As the recession dragged on, frugality came into vogue, and many commentators believed a new and lasting way of life had begun. The savings rate went up, people held onto their cars longer, and second hand stores became all the rage. In 2010, 63 percent of people said the recession had “forever changed” the way they spend and save, according to a Citigroup survey.
That was then.
Today, the savings rate has taken a southward turn, people are loosening up in their use of credit, and it’s getting tougher to find a parking place at the mall. As for all those people who said they were forever changed by the recession, apparently “forever” doesn’t last as long as it used to. A more recent survey found that 52 percent of people see themselves that way.
Why are so many people shifting away from their frugal ways? In part, I blame the word “frugality.”
What’s Wrong With Frugality?
To be sure, I know there are many people who think of themselves as frugal, and for them, it’s a good thing. They simply hate to waste things. They’re not living by some temporary set of rules brought on by economic tough times. Frugality is a worldview that shapes their use of money in very positive ways.
However, with apologies to those who do frugal well, I’ve never cared for the term. For me, it’s always conjured up images of dumpster diving, refusing to tip any more than 15 percent, and dogmatically avoiding coffee shops as if spending a couple of bucks on a good cup of coffee is immoral. Okay, I’m exaggerating, but not by much.
Mostly, I’ve thought of frugality as not much fun, where the overarching principle is to spend as little as possible. That, I believe, is the main the reason we’re seeing a shift away from saving and toward spending. People just don’t like being frugal. They’ll do it while they have to, but not a moment longer.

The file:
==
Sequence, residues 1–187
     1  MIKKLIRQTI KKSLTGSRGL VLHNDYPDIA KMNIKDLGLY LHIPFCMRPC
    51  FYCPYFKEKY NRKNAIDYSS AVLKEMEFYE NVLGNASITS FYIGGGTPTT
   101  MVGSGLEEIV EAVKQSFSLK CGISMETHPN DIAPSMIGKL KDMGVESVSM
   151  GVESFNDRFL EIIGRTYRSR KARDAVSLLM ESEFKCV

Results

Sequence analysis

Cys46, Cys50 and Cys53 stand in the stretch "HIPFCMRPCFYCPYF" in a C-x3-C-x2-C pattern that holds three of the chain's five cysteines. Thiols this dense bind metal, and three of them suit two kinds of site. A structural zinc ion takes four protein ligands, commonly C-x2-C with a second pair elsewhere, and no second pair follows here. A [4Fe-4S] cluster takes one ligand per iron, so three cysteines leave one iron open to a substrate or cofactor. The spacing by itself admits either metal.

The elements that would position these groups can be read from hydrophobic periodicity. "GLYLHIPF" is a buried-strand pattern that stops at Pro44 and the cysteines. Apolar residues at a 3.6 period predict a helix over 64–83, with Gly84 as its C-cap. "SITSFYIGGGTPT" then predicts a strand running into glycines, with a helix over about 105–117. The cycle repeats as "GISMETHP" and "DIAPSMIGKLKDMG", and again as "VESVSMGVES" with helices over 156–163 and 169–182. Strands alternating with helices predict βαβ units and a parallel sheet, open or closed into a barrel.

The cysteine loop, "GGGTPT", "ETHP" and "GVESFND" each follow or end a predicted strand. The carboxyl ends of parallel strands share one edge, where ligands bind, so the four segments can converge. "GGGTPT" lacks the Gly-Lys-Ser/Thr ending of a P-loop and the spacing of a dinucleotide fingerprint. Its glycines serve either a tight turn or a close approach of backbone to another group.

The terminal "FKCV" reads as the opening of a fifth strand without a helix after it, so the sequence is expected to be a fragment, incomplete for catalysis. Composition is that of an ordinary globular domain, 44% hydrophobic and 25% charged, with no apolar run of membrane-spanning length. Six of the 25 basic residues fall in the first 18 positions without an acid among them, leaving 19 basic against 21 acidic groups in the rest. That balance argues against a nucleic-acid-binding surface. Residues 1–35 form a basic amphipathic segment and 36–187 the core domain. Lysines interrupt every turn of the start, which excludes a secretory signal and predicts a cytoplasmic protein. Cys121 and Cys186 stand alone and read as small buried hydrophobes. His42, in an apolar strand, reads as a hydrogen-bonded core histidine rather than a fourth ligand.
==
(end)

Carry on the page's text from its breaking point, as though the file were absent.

A better financial path begins with a better term, and the one I prefer is “money-smart.” Money-smart people:
- Use a cash flow plan
- Give generously
- Get their biggest spending decision right, keeping their monthly housing costs to no more than 25 percent of gross income
- Ditch or avoid all other debt
- Build and maintain an emergency fund stocked with at least six months worth of living expenses
- Invest 10-15 percent of monthly gross income for their later years
- Know how to get great stuff at great prices, all the while realizing that the cheapest option may not actually be the most cost-effective option
- Are really good at making trade-offs, happily choosing to spend less in one category in order to spend more on something else that’s more important to them
And they do these things all the time, not just in response to a financial crisis. If everyone took these steps, what a difference it would make!
A Money Plan for All Types of Economic Weather
We can’t control the economy, but we can control our personal finances. By following the approach I just described at all times, there will be no need to make major changes when times turn bad.
To my frugal friends – those who wear the word well – carry on. But for everyone who’s been gritting their teeth through a season of forced frugality, let’s put an end to all the financial binging and purging. Let’s re-brand ourselves as money-smart and get on a more sustainable and enjoyable path toward financial success.
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By Matt Bell
Matt Bell is Sound Mind Investing’s Associate Editor. He is the author of three personal finance books published by NavPress, leads workshops at churches and universities throughout the country, and has been quoted in USA TODAY, U.S. News & World Report, and many other media outlets.